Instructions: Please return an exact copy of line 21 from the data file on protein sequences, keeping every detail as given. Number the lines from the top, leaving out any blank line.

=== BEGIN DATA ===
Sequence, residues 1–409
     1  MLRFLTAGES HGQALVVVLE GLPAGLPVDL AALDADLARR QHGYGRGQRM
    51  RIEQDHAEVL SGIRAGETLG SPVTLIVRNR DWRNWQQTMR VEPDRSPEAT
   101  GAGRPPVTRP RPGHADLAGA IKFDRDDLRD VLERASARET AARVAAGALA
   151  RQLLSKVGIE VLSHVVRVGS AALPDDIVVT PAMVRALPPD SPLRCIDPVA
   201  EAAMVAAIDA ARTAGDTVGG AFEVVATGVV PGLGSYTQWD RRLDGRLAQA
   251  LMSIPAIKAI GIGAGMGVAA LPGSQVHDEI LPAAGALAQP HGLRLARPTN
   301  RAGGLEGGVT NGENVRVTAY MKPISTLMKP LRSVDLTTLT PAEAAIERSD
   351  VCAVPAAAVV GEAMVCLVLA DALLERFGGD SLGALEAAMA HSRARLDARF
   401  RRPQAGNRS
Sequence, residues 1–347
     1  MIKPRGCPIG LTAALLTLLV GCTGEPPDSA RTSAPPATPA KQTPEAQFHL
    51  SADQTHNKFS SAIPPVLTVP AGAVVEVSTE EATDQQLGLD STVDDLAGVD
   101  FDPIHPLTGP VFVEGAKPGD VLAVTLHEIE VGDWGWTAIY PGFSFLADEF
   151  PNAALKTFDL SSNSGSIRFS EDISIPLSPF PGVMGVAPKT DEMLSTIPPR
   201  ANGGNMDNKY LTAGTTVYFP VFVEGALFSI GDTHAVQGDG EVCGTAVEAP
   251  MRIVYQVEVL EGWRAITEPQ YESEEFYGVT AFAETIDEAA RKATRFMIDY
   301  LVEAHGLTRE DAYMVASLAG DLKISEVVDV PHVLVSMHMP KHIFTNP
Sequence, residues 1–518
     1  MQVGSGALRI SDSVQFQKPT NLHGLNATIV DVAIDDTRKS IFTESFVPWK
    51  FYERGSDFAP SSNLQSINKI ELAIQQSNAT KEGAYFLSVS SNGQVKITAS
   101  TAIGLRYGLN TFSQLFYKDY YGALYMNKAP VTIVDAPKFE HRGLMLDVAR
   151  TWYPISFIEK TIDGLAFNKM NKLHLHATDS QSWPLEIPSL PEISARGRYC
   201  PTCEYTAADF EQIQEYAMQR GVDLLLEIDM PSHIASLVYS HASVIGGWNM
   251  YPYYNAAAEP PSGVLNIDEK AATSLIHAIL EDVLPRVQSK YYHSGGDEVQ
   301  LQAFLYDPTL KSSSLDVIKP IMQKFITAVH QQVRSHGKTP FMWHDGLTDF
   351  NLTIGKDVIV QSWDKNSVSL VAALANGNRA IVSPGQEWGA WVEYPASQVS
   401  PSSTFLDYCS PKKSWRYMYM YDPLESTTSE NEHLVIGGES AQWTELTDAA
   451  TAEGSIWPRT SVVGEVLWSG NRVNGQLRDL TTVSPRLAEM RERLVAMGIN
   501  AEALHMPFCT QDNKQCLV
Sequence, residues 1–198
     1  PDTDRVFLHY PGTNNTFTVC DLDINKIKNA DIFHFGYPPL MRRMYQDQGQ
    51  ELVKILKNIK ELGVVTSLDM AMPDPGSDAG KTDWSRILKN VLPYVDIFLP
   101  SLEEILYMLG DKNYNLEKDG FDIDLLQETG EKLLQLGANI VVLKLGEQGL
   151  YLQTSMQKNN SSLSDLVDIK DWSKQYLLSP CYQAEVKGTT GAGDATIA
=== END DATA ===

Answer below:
    51  FYERGSDFAP SSNLQSINKI ELAIQQSNAT KEGAYFLSVS SNGQVKITAS